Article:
A Fishy Tale…

As I have noted in my previous blog about milkmen [http://www.smockfrock.co.uk/the-white-of-the-milkman/], the white smock frock was a useful overall for those involved in food production and food selling, being washable and durable as well as suggesting cleanliness and hygiene.  It frequently turns up in sources dealing with the fish trade.  Of course, the maritime smock, worn by sailors and fishermen, which was plainer and shorter than the traditional smock frock, may have influenced this. [see illustration below, James Clarke Hook, Crabbers, 1876]  However, those involved in the fish trade seemed to favour a hybrid garment, somewhere in between the two versions.

 

(c) Manchester City Galleries; Supplied by The Public Catalogue Foundation
(c) Manchester City Galleries; Supplied by The Public Catalogue Foundation

Joshua Cristall depicted the Fish Market on Hastings Beach in 1808, with long white plain smocks visible on several men at a time when smocks in general were not so embellished.  [see illustration below, V&A collection]  Indeed, when Joseph Foster died in 1909 in Hastings, it was noted that he had worn a white smock frock at his stall in the Fish Market in the Old Town,[1] so this was seemingly a tradition for some fish sellers there during the nineteenth century.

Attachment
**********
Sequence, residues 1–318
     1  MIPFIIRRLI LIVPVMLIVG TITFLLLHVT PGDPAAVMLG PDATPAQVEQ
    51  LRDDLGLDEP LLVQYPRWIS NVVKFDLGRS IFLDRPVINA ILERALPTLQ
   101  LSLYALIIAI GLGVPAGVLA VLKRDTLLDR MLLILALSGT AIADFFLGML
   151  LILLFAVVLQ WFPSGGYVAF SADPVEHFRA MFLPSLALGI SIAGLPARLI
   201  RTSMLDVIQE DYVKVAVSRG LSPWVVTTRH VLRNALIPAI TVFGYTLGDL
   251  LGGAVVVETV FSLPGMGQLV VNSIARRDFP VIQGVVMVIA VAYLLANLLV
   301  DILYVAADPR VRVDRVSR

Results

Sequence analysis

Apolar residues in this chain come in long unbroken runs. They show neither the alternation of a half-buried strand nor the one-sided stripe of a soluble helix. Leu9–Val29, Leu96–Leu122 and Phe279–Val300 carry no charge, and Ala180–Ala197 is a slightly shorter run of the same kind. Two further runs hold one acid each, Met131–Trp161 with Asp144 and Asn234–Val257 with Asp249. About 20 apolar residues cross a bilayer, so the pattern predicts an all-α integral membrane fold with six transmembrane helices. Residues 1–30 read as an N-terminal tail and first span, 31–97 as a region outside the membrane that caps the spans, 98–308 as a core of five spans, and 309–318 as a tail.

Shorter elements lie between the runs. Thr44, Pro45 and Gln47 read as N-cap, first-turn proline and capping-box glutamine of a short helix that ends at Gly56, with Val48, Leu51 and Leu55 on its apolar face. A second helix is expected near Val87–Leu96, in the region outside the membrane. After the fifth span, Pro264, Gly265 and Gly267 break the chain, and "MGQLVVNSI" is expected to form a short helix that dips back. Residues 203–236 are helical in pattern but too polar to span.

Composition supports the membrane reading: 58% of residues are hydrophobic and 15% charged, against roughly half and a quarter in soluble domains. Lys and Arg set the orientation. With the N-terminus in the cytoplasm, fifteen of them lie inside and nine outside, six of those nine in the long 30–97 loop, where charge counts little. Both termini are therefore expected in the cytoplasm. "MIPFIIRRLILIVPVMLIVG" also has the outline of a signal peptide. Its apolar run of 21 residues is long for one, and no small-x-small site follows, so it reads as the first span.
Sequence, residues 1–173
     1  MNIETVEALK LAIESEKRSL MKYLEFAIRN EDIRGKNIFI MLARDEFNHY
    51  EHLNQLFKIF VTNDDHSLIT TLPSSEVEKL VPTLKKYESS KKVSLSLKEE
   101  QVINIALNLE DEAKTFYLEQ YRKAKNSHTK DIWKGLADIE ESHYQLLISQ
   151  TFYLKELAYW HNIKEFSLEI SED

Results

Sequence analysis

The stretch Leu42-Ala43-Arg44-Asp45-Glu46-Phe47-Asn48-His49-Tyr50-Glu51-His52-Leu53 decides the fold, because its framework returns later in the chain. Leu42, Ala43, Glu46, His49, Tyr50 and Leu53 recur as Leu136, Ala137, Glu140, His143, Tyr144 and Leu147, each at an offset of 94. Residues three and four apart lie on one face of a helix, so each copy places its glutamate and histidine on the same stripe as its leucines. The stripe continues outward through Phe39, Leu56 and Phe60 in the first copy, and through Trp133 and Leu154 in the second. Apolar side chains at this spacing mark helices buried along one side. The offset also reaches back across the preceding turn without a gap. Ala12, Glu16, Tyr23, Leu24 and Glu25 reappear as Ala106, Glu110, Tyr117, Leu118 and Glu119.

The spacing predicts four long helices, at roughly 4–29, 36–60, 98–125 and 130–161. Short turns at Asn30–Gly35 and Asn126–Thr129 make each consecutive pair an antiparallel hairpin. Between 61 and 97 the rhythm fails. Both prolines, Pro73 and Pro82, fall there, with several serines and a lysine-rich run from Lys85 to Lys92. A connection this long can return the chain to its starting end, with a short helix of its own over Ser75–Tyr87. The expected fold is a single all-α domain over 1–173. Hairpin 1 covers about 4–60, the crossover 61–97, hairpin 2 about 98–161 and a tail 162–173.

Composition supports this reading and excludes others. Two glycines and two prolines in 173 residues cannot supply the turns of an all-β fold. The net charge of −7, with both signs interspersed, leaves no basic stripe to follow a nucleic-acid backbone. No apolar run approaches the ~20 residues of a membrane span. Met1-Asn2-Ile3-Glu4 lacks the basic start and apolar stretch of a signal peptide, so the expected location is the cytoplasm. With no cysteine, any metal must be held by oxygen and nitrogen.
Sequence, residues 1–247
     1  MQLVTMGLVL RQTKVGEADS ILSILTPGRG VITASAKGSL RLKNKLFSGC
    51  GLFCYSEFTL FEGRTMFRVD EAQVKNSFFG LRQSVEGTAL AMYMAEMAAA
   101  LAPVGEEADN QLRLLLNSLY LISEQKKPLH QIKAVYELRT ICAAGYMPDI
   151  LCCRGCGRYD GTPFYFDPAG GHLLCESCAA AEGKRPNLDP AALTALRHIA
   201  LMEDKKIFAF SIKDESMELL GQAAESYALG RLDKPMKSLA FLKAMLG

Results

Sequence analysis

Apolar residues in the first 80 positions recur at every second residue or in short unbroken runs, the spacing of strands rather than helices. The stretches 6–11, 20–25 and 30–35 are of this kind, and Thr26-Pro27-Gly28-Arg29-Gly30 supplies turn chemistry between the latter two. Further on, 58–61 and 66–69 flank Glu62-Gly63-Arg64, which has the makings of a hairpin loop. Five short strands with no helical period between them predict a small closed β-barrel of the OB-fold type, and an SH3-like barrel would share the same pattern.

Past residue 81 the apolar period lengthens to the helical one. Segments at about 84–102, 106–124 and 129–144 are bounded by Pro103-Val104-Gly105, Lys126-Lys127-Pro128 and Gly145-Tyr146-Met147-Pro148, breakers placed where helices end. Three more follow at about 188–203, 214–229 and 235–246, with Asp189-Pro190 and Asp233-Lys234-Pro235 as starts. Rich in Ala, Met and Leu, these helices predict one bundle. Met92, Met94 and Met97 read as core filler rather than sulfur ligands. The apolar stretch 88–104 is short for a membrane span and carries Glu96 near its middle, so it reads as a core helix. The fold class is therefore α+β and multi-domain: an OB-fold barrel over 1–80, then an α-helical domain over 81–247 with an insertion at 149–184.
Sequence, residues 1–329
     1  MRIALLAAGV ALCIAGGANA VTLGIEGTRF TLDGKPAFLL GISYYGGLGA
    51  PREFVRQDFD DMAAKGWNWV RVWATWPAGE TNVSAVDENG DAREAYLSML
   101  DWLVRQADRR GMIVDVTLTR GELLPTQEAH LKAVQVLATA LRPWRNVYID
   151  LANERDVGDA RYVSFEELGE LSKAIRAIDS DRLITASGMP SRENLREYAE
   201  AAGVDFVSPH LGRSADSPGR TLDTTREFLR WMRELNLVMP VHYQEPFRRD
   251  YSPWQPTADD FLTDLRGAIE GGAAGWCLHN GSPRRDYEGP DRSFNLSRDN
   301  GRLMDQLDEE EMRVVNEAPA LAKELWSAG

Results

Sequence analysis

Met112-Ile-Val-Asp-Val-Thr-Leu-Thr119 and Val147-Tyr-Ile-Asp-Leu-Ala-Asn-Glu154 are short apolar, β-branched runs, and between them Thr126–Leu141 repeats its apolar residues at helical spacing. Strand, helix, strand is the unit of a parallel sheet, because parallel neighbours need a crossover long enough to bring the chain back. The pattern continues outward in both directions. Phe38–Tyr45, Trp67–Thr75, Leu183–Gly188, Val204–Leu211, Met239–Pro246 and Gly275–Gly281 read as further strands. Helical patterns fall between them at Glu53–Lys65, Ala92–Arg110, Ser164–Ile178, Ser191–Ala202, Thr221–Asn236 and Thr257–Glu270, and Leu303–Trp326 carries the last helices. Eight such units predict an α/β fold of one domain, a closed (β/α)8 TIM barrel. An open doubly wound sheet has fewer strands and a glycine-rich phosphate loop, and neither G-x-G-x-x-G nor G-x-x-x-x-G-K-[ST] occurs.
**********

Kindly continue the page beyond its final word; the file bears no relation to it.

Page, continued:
cristall

They also seem to have been worn by those in the London fish trade.  In a description of Billingsgate Fish Market in 1872, those who carried the fish from the transport to the auctioneers were described as clad in corduroy and smock frocks with sou’westers and wooden clogs, finishing off their practical outfits.[2]   A fish salesman, Edward Soloman, wore a dirty smock frock when he entered the breakfast room of the Three Tuns Hotel in Billingsgate, contrary to hotel regulations, and was turned out by the landlord.[3]  In 1881, a man put a white one on to sell fish in Billingsgate Market,[4] so white smocks seem to have been not uncommon.

Butchers too had a long association with the smock, the blue one in particular linked to the trade.  As smock manufactures diversified and specialised, particular smocks were made for the butchery trade which would have been less embellished than a traditional smock frock.  Edwin Butler sold ready-made clothes in Birmingham High Street, his stock in the mid-nineteenth century including butchers blue smocks.  In a dispute and alleged assault between a butcher and a Jewish salesman in Gloucester, the butcher was described as wearing ‘a dirty smock frock’.[5]  Even today, traditional butchers wear a white or blue and white striped coat as an overall, which seemingly has a lineage back to the smock.  Butcher’s blue has also become a particular type of colour still used for aprons and textiles associated with kitchen usage.  The smock continues to influence workwear even today.

[1] Hastings and St Leonards Observer, 16 October 1909, p. 9, where he was noted as a strong liberal and ‘ardent teetotaler’, a member of the friendly temperance society ‘Sons of the Phoenix’.

[2] Derby Mercury, 12 June 1872.

[3] Pall Mall Gazette, 8 January 1870, p. 2, London.

[4] Nottingham Evening Post, 29 October 1881.

[5] Gloucestershire Chronicle, 10 January 1846.  They were still wearing them at the end of the century, see a slander case between a butcher and a meat salesman in London, Illustrated Police News , 26 March 1898.

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